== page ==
Listen to this story
“The strength of the team is each individual member. The strength of each member is the team.” – Phil Jackson.
Businesses are seeking to place data in the driver’s seat of their business and product strategies as they become more aware of the decisive potential of data to achieve organisational goals. This requires assembling a solid data team that can successfully spread its insights across many business domains. However, that’s easier said than done.
There is a need to engage the data team to ensure they are effectively aligned with the goals and objectives of the organisation and ensure they are contributing to the success of the organisation. Engaging a data team aids data-driven decisions, helps with organisational goals, improves communication within the organisation, increases productivity and leads to better collaborations.
Mindful of its importance, we sought to know what our industry leaders think when it comes to data teams and their significance. Industry experts like Vijoe Mathew, Global Director – Supply, Logistics & Finance at Anheuser-Busch InBev; Sanjay Srivastava, Vice President – Analytics and Reporting at American Express; Swati Jain, Vice President, Analytics at EXL; Gaurav Bansal, Head – Analytics at L&T Financial Services; Dhruv Rastogi, Vice President & Head of Data Science at IKS Health joined us for our Online Meet-up.
Expectations of a team
It all boils down to two components: learning and development. People are either looking to learn something or feel challenged and grow as professionals. What they are doing is that they’re contributing their skills to the objectives of the company by bringing impact and value.
– Sanjay Srivastava, Vice President – Analytics and Reporting at American Express
Work delivery aspect
Everything begins with the leadership and how they see the engagement is what the culture has been set up as. If it is a learning culture, everybody appreciates what others bring to the table, sharing and exchanging knowledge in different ways. The people in the industry get a kick by enhancing this learning as a part of delivery. On the delivery side, it is the spirit of excellence which keeps them engaged. That spirit, again, comes when the lead reveals the project, and the team is smart enough to get it done from anywhere. But that vision is important. As far as the delivery is concerned, how do we do world-class? That means we aspire to make something that no one else can better. That itself brings a lot of engagement by delivering on a project and doing any outside research to see what is happening in that area and make it to the next level.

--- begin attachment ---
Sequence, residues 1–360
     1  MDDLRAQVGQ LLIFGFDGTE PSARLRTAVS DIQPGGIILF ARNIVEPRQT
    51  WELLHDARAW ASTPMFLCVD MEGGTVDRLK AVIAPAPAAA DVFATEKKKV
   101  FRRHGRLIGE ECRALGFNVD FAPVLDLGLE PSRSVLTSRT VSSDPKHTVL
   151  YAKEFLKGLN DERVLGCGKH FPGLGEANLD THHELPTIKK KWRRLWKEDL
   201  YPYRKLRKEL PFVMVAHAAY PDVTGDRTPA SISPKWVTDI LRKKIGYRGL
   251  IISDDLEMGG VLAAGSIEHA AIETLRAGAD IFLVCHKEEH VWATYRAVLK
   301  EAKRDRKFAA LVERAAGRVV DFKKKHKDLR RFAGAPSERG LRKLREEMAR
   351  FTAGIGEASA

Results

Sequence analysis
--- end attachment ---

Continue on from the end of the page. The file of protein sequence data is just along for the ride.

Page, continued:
–Swati Jain, Vice President, Analytics at EXL
Going hand-in-hand with data scientists
There is one more dimension – culture. Anybody who works in an organisation should know what the culture of that company is, the growth opportunities, and the learning opportunities included. There’s a space where there are a lot of opportunities when everybody gets a lot of opportunities to explore. So nobody is tied to a company. Despite the best salaries, the attrition rate is 25 to 30%. This means that people have a lot of opportunities in this space.
One of the biggest challenges with the technical crowd is that they are very good at the technical craft. But managing people is a different ball game altogether. A big challenge for us was how to develop leaders who are empathetic, who know how to manage a technical crowd rather than just being technical members and leaders of the company. Leaders build culture. The priority for us is to bring or develop leaders who know the art of managing or developing technical talent. About 80% of all analytics problem statements are by either a regression classification, or clustering. But the fact is that most organisations don’t have that opportunity. Because we all work with structured ERP data, we don’t know how to work on terabytes of text, image or video, or kinds of datasets, where we can use fancy stuff, and be super creative. We have to create an environment for them to explore, that would never come from projects, since projects are all going to be machine learning based. And it never will reach a level of deep learning.
–Vijoe Mathew, Global Director – Supply, Logistics & Finance at Anheuser-Busch InBev